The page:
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coverpic flag US - Virginia - Full Moon 59 - 08/04/01

Sparklehorse
It's A Wonderful Life
Parlophone

On 1998's Good Morning Spider, Sparklehorse (aka Mark Linkous) released a well-publicized response to a near-fatal drug overdose. The only problem was that while the record's supposed intent may have been well-publicized, the music was not so simple. Over the course of 17 harrowingly different tracks, ranging from edgily distorted rock (Pig and Cruel Sun) to intensely beautiful dreamscapes (Painbirds and Sunshine), Linkous ruminated on death, recovery, pain and love with the occasional full-fledged pop song thrown in, almost as if to prove he could do those, too (Sick of Goodbyes and Maria's Little Elbows). Once the record had sunk in, listeners found it to be clearly brilliant while at the same time baffling, with vague but evocative lyrics backed up by an incredible range of terrific melodies.

Now, Linkous is back with It's A Wonderful Life. This album, with high-profiled guests like P.J. Harvey and Tom Waits, ranges less than Good Morning Spider, while at the same time moving in new directions with both music and lyrics. This time around, the schizophrenia of his last effort is left behind, and listeners find a comforting, quiet ode to a comfortable, quiet life left behind. While Spider seemed to be going in every direction at once, here Linkous is content to tone down the music and let the lyrics speak for themselves. On Piano Fire, one of the three harder-rocking songs on the relatively quiet album, he and Harvey sing the chorus "I can't seem to see with solid marble eyes/I can't seem to breathe with a rusted metal heart" with terrific intensity. More often, vocals and music come together as near-whispers, quiet, unimposing and beautiful. The music rises and falls to its own rhythm, one found in life and a celebration of it, based in quiet gothic appreciation of the Southern heritage Linkous basks in on his rural farm/studio in Virginia.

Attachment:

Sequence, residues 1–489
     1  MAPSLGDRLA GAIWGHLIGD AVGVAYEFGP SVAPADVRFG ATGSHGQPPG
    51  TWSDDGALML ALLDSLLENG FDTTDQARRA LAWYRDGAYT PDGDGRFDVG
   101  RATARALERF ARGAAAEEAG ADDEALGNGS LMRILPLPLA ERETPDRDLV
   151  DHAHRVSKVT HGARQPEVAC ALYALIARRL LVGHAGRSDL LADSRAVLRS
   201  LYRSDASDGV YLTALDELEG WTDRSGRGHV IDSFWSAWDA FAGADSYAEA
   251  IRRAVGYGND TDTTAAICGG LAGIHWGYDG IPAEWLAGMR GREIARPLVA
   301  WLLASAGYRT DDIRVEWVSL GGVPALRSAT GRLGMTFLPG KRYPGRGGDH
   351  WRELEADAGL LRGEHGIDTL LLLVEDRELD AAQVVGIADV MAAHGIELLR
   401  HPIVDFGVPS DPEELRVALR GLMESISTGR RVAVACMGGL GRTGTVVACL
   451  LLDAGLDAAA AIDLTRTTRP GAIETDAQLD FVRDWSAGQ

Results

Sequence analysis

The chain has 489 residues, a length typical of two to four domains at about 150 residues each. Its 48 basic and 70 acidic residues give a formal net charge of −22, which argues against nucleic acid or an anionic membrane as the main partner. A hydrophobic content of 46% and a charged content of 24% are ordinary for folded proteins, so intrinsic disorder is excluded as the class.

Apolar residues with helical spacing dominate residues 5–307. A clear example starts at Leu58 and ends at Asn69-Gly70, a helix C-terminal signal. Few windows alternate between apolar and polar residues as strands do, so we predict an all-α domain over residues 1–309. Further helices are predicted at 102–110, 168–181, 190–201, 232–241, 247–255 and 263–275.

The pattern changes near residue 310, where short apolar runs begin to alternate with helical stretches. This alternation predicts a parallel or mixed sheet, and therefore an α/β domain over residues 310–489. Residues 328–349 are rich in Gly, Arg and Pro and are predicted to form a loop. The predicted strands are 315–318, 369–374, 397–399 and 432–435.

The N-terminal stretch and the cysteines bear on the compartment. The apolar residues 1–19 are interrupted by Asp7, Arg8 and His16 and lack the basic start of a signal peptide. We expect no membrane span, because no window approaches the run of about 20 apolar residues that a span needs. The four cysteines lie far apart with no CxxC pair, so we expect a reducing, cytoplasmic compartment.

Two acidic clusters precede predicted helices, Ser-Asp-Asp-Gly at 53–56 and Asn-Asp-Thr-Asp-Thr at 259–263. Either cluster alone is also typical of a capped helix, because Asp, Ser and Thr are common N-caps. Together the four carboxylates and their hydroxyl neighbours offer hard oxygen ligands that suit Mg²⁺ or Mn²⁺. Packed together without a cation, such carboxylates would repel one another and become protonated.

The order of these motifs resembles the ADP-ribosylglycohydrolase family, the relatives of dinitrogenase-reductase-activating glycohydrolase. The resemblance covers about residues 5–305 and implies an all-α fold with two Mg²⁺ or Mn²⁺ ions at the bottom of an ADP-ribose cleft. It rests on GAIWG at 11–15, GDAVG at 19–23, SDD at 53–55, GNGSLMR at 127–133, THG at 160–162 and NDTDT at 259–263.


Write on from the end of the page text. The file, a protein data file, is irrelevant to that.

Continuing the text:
The great thing about It's a Wonderful Life is that the lyrics, hauntingly beautiful, are given their day in the sun. Linkous, in constructing an album with fewer juicy hooks than its predecessor, seems content to let the listener travel with the lyrics, until they have their own personal meaning. It's A Wonderful Life is a wonderful album, representing a remarkable progression from an already distinct sound.

See for yourself at NME, which has set up a 'Listening Corner' in their Sparklehorse section that plays the entirety of the album.

Copyright © 2001 Richard Siegler e-mail address

You may also want to check out our Sparklehorse article/review: Dreamt for Light Years in the Belly of a Mountain.

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